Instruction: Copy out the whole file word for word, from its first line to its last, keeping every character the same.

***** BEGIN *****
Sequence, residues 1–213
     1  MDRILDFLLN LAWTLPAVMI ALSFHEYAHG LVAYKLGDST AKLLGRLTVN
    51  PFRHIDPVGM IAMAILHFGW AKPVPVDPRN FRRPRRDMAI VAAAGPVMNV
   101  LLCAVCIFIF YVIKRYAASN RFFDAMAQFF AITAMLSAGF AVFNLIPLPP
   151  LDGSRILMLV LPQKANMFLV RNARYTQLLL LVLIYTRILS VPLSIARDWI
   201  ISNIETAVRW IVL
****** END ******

Sequence, residues 1–213
     1  MDRILDFLLN LAWTLPAVMI ALSFHEYAHG LVAYKLGDST AKLLGRLTVN
    51  PFRHIDPVGM IAMAILHFGW AKPVPVDPRN FRRPRRDMAI VAAAGPVMNV
   101  LLCAVCIFIF YVIKRYAASN RFFDAMAQFF AITAMLSAGF AVFNLIPLPP
   151  LDGSRILMLV LPQKANMFLV RNARYTQLLL LVLIYTRILS VPLSIARDWI
   201  ISNIETAVRW IVL